Cardi alla Brindisina
Cardoons are a winter vegetable, though they continue to grow into the spring, Cardoons are members of the thistle family as are artichokes and bear a strikingly similar taste to them. People shine way from this vegetable because it is often not available and is a bit time consuming to prepare, but you can find them already cleaned in many grocery stores. They are 18 to 22 inch long, pale green to white stalks ribbed like celery, but with sharper edges. Some are straight but the most sought after are curved, a feature that results in their being nicknamed gobbi, or hunchbacks. From a botanical standpoint they're close cousins of the artichoke, but do not produce flowers -- what one eats is the stalk, whose preparation requires a certain amount of care. Cardoons are quite fibrous; the fibers run lengthwise, like those in celery stalks, and must be stripped out. Once they have been cut they darken quickly (like artichokes) unless put in lightly acidulated water.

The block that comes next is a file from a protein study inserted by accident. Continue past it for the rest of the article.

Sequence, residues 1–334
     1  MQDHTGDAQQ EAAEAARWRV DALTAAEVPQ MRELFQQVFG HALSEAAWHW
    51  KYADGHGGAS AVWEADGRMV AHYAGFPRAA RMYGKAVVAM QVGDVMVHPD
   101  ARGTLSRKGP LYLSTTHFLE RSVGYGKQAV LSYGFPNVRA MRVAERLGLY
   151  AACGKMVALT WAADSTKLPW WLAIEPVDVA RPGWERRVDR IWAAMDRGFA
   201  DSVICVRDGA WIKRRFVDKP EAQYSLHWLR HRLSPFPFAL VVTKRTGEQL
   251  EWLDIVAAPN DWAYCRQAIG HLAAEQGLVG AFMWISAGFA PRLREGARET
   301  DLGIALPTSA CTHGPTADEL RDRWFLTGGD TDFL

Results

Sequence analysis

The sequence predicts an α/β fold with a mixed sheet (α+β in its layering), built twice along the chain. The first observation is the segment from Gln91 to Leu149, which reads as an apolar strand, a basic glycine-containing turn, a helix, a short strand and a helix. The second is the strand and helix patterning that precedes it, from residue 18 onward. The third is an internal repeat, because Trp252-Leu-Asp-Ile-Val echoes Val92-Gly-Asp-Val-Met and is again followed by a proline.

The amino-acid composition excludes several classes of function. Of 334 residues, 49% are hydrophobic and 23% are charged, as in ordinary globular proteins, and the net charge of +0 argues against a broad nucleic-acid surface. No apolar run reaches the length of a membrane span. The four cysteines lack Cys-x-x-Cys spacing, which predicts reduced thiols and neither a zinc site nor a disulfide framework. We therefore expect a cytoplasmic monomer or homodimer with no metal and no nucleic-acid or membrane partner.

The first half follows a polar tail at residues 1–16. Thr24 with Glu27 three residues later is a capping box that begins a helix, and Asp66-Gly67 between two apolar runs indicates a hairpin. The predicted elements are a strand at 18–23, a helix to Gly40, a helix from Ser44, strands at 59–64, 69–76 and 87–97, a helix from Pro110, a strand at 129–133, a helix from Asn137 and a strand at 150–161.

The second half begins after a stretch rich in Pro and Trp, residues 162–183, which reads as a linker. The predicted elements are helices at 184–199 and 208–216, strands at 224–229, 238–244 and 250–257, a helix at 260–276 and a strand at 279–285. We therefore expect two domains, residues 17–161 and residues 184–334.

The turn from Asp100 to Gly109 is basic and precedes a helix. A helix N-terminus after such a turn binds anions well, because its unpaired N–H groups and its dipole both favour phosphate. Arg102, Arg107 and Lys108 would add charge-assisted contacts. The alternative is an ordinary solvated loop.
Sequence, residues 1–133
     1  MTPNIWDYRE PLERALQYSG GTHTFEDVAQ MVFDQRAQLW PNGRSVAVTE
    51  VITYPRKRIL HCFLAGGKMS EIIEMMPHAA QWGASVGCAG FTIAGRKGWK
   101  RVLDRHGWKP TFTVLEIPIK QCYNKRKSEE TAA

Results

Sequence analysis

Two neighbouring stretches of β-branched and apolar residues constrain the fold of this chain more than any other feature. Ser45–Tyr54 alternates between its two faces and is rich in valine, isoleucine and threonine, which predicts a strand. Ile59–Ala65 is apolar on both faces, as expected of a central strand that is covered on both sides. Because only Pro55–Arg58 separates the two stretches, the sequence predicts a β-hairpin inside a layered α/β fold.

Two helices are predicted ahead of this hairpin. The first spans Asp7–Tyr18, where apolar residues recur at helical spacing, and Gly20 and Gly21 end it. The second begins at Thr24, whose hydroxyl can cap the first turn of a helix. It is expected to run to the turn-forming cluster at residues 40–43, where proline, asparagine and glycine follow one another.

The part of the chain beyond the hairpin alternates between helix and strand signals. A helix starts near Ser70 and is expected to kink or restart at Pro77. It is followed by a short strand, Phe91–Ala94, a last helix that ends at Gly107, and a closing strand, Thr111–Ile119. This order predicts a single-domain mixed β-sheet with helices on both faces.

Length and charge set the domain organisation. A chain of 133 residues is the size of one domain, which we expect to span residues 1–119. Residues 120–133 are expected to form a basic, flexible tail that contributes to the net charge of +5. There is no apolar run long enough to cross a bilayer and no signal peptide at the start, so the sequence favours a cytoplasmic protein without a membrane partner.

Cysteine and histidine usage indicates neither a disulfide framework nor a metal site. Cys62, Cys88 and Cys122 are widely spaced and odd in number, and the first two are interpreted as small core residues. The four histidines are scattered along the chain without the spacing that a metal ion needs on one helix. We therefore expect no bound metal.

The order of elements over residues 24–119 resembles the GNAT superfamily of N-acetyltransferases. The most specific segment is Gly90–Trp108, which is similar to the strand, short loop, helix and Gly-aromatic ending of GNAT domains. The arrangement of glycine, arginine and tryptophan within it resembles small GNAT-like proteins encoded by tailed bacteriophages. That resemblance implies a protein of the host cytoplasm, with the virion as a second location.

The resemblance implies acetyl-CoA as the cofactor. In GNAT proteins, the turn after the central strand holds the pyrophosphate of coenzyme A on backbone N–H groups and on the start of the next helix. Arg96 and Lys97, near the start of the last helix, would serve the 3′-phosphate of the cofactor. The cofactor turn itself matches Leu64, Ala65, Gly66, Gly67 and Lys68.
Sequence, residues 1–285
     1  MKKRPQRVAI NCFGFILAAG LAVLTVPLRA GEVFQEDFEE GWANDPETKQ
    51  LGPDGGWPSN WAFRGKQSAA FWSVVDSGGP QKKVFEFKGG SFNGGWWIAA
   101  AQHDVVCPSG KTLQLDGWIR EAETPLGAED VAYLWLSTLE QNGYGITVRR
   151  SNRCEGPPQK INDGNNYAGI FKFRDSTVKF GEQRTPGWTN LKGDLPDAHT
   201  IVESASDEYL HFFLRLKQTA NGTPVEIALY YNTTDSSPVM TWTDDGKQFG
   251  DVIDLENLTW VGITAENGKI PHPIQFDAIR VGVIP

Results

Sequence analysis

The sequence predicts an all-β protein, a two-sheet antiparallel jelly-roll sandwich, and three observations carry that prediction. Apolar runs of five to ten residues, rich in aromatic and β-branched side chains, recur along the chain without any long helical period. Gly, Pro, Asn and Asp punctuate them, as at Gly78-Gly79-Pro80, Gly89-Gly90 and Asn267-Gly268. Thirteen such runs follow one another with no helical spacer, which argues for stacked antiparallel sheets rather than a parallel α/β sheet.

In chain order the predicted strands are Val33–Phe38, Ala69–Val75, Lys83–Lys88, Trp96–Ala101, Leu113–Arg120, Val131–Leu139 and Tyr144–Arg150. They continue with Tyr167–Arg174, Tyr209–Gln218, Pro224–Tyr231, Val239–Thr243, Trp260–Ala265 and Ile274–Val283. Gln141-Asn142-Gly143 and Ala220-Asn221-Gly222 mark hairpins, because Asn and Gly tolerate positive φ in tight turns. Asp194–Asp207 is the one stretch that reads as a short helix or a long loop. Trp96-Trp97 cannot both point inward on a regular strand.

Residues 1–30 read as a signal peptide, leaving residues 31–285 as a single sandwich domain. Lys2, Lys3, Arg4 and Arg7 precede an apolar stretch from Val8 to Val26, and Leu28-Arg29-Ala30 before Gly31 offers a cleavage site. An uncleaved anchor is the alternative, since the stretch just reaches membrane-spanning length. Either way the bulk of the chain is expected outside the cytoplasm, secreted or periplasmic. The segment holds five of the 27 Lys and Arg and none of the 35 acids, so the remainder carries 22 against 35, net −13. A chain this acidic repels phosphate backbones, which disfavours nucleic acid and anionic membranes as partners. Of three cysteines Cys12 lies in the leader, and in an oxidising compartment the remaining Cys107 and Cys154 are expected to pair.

2 pounds cardoons
1/2 cup chopped black olives
1/4 cup minced parsley
2 tablespoons of capers in salt, well rinsed
3 anchovies, minced
Grated Pecorino cheese
Salt to taste
Wash and peel outer layer of cardoons, then cut them into 5 inch lengths. Cook them in boiling salted water until al dente. Drain and set aside.
Place them in an oiled casserole and top with the olive and parsley mixture. Sprinkle the cheese and bread crumbs over the top. Drizzlel the top with olive oil and bake for 20 minutes in a 350F oven.
This recipe is featured on Season 20 - Episode 2018.